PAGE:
While it is hard to argue against the concept that the legal profession can and should be doing more as far as gender parity efforts, I do not agree these rankings are misleading, and that firms are being rewarded for effort rather than results. I do agree that the “proof in the equality pudding” is how many women are elevated to equity partner, which is why Jackson Lewis continues to be represented in the aforementioned lists. We have a culturally ingrained emphasis on grooming talent in-house. We want our women to clear the equity threshold and become top rainmakers in the firm, and we are giving them the tools to do that. More than 75% of our female equity principals- including myself – came up through our ranks. These efforts include challenging our female attorneys the same ways as our male lawyers – giving them first-chair experience in the courtroom, encouraging them to pursue firm leadership positions and making sure their compensation is in line with that of their male counterparts. As a result, we’re not just retaining and promoting our women attorneys – they’re also becoming the top earners within the firm. 48% of our Principals are women, up from 24% in 2009. More significantly, and addressing the point made in this article, females make up 27% of our equity principals, up from 19% ten years ago and 23% five years ago. Yes, we have work to do…but our efforts are not just lip service. They are getting results. While I know I am lucky to have spent time in a firm that rewards my contributions, I do not feel this is an anomaly. The legal profession certainly is not perfect (and I would be hard pressed to identify an industry that is), but opportunities for women will continue to improve with firms, clients and colleagues who recognize the need and value of female voices in all arenas of the profession and demand they continue to be heard.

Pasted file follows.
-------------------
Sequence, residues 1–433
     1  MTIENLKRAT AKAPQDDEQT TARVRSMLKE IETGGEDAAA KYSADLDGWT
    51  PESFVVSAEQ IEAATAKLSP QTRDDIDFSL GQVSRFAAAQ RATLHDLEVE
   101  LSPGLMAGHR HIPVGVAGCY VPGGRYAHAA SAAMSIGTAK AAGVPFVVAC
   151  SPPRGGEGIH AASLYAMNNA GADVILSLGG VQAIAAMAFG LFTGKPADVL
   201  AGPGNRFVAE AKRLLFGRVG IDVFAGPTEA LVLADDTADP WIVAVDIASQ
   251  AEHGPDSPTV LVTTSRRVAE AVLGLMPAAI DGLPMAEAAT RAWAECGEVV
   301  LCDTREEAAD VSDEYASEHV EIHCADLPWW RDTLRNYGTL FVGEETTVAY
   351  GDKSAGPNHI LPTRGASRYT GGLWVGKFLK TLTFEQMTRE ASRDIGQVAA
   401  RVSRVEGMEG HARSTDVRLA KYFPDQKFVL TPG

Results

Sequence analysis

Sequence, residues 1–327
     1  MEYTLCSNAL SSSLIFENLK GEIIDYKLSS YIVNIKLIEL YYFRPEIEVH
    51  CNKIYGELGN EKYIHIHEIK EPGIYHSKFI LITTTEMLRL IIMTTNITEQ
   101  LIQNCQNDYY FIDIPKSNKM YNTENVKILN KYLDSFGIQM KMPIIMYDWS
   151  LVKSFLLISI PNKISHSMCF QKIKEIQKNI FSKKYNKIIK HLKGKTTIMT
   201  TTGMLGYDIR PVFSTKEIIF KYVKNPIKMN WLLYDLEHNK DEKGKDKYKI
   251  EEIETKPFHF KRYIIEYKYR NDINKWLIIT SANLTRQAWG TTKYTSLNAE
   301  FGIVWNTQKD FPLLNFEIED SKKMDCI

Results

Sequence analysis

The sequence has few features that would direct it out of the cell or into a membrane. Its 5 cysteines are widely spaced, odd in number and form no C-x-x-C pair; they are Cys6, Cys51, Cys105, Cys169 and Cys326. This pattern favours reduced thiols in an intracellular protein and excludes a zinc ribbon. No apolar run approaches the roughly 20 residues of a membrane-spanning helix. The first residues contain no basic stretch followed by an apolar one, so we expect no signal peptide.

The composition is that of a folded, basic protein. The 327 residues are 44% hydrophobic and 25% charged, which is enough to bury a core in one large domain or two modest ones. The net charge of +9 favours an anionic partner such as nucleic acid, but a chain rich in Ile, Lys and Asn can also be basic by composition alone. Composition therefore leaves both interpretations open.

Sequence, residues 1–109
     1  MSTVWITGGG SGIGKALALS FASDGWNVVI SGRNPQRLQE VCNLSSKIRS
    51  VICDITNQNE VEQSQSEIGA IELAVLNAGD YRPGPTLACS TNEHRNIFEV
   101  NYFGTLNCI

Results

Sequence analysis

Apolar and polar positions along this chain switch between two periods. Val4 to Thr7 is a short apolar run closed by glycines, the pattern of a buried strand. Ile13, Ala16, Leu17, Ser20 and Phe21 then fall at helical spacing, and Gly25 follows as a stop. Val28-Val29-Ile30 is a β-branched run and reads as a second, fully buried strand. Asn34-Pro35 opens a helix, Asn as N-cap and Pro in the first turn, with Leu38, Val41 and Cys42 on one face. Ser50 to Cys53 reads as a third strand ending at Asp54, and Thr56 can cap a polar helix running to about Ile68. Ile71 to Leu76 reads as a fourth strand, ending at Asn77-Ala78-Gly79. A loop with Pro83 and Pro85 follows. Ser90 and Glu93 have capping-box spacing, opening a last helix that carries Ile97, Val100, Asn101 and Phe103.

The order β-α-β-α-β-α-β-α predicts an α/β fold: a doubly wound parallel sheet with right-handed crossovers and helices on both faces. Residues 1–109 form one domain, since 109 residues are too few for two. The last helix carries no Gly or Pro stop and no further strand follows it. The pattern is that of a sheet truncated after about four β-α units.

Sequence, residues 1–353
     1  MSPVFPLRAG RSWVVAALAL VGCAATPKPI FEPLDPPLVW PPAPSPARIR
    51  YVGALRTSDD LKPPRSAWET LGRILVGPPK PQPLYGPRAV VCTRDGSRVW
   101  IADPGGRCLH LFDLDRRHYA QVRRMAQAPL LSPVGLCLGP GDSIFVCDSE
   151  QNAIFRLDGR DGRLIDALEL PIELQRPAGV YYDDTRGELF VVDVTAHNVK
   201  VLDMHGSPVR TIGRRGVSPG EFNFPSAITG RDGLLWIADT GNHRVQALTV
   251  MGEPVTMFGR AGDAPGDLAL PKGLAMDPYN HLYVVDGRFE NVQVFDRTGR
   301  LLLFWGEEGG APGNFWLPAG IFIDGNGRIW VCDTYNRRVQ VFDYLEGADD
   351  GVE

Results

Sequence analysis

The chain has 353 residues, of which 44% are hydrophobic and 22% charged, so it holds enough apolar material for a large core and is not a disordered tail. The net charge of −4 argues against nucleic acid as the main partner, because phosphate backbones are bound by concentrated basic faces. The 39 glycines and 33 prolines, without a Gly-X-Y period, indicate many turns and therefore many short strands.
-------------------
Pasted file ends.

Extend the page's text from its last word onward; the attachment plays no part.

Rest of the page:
• Anonymous